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The Words ‘Science’ and ‘Theology’ in Popular Usage

‘Science’ and ‘scientific’ are frequently appealed to as a means of bestowing respectability on a subject, bringing with them connotations of rationality, reliability and utility. How often in the media do we encounter the authoritative ‘Science tells us...’? Interviewees when pressed riposte with ‘We need to be scientific about this...’ and advertisers attract us with such phrases as ‘The appliance of science’, ‘The science diet’ and all manner of goods which come with a supposedly scientific seal of approval. In contrast ‘theology’ and ‘theological’ have, for some at least, taken the place of the once popular ‘metaphysical abstraction’ as the standard terms of derogation: ‘Theological nonsense’ cries an M.P. across the floor of the House, implying irrationality, confusion and irrelevance.

The theological problems occasioned by the rise of science extend then, it would seem, beyond particular disputes to a more pervasive sense that science stands as the measure of all valid knowledge in such a manner as calls into question the notion that theology is a route to truth. This belief can take many forms:

  • science is a truly modern form of knowing whilst theology represents a pre-modern throw-back;
  • science is useful whereas theology promotes a disengagement from reality;
  • science is value-free whereas theology is compromised by personal commitment;
  • science is open to falsification and renewal whereas theology is dogmatically entrenched;
  • science is based upon empirical data whereas theology is a matter of pure speculation;

in short, science seeks after objective truth whereas theology deals only in subjective meaning.

These assumptions can be as untrue to the reality of science as to the practice of theology.For a detailed analysis see God, Humanity and the Cosmos, Ch.2.Their uncritical acceptance tends to perpetuate the ‘conflict’ or ‘warfare’ hypothesis. But see possibilities for dialogue for ways to a different understanding.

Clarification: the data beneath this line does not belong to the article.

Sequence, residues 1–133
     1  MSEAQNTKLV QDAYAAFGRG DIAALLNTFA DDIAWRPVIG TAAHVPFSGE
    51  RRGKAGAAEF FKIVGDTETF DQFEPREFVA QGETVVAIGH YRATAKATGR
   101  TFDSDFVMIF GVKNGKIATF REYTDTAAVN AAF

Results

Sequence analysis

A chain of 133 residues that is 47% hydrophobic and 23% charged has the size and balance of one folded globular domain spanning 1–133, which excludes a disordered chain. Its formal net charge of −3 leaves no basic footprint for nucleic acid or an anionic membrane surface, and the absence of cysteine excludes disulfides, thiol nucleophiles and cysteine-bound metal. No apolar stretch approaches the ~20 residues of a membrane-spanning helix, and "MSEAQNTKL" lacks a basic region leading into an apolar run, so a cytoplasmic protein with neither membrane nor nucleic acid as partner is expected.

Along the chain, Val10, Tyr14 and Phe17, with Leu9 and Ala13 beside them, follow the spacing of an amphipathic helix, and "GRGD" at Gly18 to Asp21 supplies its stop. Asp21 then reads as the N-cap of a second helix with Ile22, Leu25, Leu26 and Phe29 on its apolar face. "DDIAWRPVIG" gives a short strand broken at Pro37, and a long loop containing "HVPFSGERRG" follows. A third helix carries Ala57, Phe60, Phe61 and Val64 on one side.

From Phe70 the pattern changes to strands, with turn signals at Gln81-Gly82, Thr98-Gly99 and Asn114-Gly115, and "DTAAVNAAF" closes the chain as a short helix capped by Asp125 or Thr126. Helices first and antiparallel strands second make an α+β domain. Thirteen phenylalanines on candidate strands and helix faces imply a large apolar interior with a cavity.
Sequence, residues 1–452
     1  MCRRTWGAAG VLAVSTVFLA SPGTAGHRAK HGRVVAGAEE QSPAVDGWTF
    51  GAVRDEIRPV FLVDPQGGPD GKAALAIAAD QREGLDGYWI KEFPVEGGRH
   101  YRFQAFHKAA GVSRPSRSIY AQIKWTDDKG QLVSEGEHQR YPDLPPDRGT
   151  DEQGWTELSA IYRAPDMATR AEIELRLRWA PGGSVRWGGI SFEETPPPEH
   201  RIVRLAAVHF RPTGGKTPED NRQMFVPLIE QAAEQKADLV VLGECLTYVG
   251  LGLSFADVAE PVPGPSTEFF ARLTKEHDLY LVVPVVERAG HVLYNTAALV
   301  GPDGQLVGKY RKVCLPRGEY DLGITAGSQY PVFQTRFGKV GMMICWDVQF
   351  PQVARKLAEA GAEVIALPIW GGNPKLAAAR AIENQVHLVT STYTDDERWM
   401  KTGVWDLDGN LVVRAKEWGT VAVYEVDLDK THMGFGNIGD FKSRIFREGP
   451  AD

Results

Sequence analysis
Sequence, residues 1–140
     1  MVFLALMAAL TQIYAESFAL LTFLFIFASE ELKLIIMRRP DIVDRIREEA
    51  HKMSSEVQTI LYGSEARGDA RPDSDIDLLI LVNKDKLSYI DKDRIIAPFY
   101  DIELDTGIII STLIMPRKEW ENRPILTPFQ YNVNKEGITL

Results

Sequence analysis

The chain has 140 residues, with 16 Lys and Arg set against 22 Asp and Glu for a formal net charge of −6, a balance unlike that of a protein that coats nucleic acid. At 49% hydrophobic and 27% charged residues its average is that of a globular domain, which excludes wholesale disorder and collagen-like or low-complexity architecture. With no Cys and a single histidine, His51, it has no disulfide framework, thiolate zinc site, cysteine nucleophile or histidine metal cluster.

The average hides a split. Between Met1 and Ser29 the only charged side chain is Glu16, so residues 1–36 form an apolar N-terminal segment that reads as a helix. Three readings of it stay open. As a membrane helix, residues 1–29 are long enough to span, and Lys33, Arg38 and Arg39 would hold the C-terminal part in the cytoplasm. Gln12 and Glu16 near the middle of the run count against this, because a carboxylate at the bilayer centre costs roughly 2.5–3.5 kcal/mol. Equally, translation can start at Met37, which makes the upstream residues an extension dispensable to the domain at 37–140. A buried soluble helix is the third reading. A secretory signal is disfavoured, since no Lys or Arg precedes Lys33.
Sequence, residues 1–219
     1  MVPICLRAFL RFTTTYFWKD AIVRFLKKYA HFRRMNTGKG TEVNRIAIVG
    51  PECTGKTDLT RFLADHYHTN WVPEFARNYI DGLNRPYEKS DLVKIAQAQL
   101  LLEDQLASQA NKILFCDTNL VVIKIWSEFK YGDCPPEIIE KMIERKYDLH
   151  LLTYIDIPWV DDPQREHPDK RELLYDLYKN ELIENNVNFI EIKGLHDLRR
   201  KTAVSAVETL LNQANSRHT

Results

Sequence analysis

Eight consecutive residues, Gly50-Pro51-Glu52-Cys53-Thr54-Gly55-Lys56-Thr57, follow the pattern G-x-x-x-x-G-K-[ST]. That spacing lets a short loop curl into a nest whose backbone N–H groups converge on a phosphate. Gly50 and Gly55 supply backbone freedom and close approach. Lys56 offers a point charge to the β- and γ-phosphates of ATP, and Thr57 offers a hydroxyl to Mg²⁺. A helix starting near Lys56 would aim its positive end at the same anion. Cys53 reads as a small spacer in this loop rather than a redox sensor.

Email link | Feedback | Contributed by: Dr. Christopher Southgate
Source: God, Humanity and the Cosmos  (T&T Clark, 1999)

Outlines of the Debate

Index - God, Humanity and the Cosmos, 1999 T&T Clark

The Words ‘Science’ and ‘Theology’ in Popular Usage

Related Book Topics:

Science and Religion - Conflict or Dialogue?
The ‘Conflict’ or ‘Warfare’ Hypothesis
Possibilities for Dialogue
Different Sciences - Different Relationships
A ‘Special Relationship’?
The Metaphor of the Maps
The Metaphor of the Maps and Understanding the Mind
Key Figures and Developments in the Science-Religion Debate
Typologies Relating Science and Religion
Barbour’s Typology
Natural Theology vs Theology of Nature
Peters’ Typology
Drees’ Typology
Religion as Evolutionary Phenomenon
A Critique of Willem B Drees’ Typology
Critical Realism in Science and Religion
Judging the Fit Between Data and Reality
Alternatives to a Realist Position
Applying Critical Realism to Theology
The Ongoing Debate on Critical Realism and Theology
The Role of Model and Metaphor
Model and Metaphor Compared
Consonances Between Science and Religion
Greek Philosophy and the Rise of Western Science
Religion and the Rise of Science


Dr. Christopher Southgate, Mr Michael Poole, and Mr Paul D. Murray in God, Humanity and the Cosmos.Published by T&T Clark.

See also:

Saint Augustine
Sir Isaac Newton
Charles Darwin
The Relation of Science & Religion
Books on Science and Religion - General